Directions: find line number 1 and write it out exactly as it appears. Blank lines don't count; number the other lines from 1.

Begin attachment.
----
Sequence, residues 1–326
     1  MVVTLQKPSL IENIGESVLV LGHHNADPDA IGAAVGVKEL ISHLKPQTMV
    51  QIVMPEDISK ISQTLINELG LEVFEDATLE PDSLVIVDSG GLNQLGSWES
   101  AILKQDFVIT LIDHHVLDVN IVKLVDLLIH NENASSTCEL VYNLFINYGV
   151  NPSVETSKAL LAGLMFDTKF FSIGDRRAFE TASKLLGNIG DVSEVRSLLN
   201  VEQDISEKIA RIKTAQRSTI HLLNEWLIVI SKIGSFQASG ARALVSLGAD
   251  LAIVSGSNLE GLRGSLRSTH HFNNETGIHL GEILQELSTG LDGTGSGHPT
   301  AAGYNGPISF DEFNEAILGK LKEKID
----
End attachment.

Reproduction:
Sequence, residues 1–326